Is it all in your head?

Bill Germanakos – Season 4 Champion – NBC’s The Biggest Loser

The most common question asked of me since returning from my stay on The Biggest Loser Ranch is “What did you learn while you were there?” Well, the answer might surprise some of you.  The most significant and important things that I learned while going through this most difficult of endeavors included the knowledge that I had done this to myself, that I was loaded with excuses, and that I had an addiction to food.  It was also pointed out to me that I struggled with depression, which created these addictions in the first place.  (Don’t get me wrong – I wasn’t someone who felt depressed.  In fact, I was the happiest person I knew; the jolly fat guy of the neighborhood.  I was also the guy who’d eat an entire gallon of ice cream or an entire box of cereal in the middle of the night, and as it turns out, this behavior is not normal.  Go figure! )

What is more interesting to most is the fact that while Jillian Michaels, “The World’s Toughest Trainer”, was the person beating me senseless in the gym every day, he who helped me the most to get my life back in order was the show’s Psychologist.  The next in line was the Registered Dietitian.  By the time I got to Jillian, I was thinking much more clearly, and had prepared myself to make the changes necessary in order to get healthy.

The Psychologist made me realize that I had been “medicating” with food, which is exactly why I’d binge in the middle of the night, or why I’d reach for snacks every time I was stressed out, lonely, overburdened, etc.  Because eating made me feel better, I’d do it until I couldn’t do it any longer.  As I think about many of my friends and family who are either obese or struggle with an addiction (such as smoking, gambling, drinking or worse) I realize that we all handled our problems in the same way – by relying on that which we are addicted, to make us feel better.  It was the Registered Dietitian who taught me that I can, indeed, be addicted to healthy food, which was a revelation in and of itself!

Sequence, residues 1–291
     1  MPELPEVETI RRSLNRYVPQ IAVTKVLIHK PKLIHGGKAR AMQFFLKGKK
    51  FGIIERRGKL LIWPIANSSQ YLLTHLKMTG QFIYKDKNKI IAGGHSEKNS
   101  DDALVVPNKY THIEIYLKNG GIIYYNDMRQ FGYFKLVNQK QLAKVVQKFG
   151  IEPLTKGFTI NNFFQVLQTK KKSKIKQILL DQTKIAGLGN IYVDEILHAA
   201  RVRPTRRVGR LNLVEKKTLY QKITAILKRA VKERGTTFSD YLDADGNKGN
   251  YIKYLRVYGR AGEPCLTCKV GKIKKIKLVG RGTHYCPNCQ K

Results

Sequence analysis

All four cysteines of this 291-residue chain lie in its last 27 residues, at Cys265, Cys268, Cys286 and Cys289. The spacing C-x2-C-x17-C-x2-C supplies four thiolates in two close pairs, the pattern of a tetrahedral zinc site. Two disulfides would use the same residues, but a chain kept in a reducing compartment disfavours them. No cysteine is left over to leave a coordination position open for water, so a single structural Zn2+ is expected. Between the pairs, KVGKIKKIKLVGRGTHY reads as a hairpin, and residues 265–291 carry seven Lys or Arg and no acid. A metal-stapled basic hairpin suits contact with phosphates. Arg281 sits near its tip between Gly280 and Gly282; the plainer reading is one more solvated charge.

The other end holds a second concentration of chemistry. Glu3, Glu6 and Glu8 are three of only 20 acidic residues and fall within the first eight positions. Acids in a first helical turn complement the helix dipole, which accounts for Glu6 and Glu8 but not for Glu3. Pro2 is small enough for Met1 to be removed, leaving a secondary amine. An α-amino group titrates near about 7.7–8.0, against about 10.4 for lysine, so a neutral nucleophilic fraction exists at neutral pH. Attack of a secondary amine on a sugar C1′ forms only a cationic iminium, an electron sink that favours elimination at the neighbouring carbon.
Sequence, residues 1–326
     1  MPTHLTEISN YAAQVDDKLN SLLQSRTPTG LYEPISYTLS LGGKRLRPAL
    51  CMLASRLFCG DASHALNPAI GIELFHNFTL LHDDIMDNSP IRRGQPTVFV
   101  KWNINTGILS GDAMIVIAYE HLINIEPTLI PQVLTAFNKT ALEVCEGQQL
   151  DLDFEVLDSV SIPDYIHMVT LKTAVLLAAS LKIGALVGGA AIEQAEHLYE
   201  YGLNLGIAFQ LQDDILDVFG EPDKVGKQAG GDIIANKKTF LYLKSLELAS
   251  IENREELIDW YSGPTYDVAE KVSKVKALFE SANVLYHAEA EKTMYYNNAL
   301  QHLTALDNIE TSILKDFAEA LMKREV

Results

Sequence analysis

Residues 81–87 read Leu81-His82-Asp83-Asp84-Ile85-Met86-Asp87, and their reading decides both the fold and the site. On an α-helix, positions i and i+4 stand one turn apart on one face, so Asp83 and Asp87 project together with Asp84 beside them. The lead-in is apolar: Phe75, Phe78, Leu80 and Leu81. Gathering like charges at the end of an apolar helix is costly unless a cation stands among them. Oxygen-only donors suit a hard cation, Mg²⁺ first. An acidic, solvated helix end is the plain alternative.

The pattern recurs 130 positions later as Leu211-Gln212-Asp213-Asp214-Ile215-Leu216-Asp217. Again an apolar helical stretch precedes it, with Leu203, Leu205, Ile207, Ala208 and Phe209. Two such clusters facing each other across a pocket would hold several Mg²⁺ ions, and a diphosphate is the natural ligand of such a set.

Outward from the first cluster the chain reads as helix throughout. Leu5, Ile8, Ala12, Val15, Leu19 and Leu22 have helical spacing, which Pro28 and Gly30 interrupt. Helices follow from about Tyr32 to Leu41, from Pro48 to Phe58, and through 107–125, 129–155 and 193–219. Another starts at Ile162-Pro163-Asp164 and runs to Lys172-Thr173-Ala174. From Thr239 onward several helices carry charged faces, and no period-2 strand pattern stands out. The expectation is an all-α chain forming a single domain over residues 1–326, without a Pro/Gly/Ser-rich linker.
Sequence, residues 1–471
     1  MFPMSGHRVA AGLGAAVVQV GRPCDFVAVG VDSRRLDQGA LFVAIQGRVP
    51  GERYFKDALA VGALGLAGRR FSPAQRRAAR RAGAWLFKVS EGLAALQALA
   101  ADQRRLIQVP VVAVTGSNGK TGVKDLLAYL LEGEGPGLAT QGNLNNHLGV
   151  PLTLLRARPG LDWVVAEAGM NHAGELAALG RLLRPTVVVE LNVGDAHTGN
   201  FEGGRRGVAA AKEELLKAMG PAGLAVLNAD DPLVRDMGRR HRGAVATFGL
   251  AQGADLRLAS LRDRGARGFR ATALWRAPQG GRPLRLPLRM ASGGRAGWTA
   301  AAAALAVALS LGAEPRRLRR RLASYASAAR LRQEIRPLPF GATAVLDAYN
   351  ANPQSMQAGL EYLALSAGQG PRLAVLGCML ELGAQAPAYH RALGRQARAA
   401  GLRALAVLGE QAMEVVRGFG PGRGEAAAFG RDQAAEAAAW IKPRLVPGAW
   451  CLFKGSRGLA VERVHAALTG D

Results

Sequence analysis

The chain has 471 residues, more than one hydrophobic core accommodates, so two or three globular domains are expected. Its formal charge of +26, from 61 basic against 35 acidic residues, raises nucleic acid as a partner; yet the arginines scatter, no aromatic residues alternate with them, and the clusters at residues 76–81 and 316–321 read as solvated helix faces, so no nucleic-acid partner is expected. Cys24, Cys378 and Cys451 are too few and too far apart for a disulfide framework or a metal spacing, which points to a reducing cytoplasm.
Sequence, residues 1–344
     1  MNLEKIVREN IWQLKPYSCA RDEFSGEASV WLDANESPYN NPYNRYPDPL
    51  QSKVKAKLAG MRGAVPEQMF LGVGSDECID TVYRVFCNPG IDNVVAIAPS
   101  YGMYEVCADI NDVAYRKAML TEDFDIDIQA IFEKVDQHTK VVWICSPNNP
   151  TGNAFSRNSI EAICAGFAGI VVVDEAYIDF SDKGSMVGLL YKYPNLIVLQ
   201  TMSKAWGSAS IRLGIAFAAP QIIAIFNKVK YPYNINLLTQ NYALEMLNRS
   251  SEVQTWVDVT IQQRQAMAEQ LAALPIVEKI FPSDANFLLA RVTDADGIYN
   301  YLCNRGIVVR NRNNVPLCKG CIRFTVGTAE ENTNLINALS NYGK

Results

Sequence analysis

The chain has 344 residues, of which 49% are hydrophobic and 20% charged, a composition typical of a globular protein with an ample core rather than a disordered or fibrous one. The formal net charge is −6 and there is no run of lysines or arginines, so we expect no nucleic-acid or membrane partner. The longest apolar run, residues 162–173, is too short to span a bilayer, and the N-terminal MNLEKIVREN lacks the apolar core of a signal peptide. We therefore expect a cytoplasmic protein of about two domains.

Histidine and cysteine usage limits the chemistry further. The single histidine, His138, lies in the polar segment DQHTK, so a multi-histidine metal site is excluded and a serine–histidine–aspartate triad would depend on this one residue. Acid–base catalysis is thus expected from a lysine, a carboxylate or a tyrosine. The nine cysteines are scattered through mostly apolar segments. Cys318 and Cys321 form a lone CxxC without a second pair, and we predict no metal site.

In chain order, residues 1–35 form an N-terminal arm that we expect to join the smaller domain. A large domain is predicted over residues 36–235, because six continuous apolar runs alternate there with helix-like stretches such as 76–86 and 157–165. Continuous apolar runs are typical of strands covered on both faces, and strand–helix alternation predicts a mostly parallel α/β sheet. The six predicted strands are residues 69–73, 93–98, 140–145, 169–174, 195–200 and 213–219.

Do you know anyone with an addiction such as mine?  Are they stress eaters / smokers / drinkers?  Have you heard them say that they had “tried everything” to change, the same way that I had?

Well, in an environment where I was loaded with excuses, such as that I’m big-boned, have an obese family, bad knees, no time, etc., and considering that I thought that I had tried EVERYTHING to lose weight before the show, as it turned out all I needed was a bit of education and guidance from some true weight-loss professionals.  I guess I hadn’t tried everything before-hand, after all.

In conclusion, keep in mind that I do still struggle, and some days / weeks / months are better than others.  I have to always try to remember what I learned and constantly try to make good decisions.  Does it always work? …  Absolutely not, but that doesn’t mean that I should stop trying … does it?

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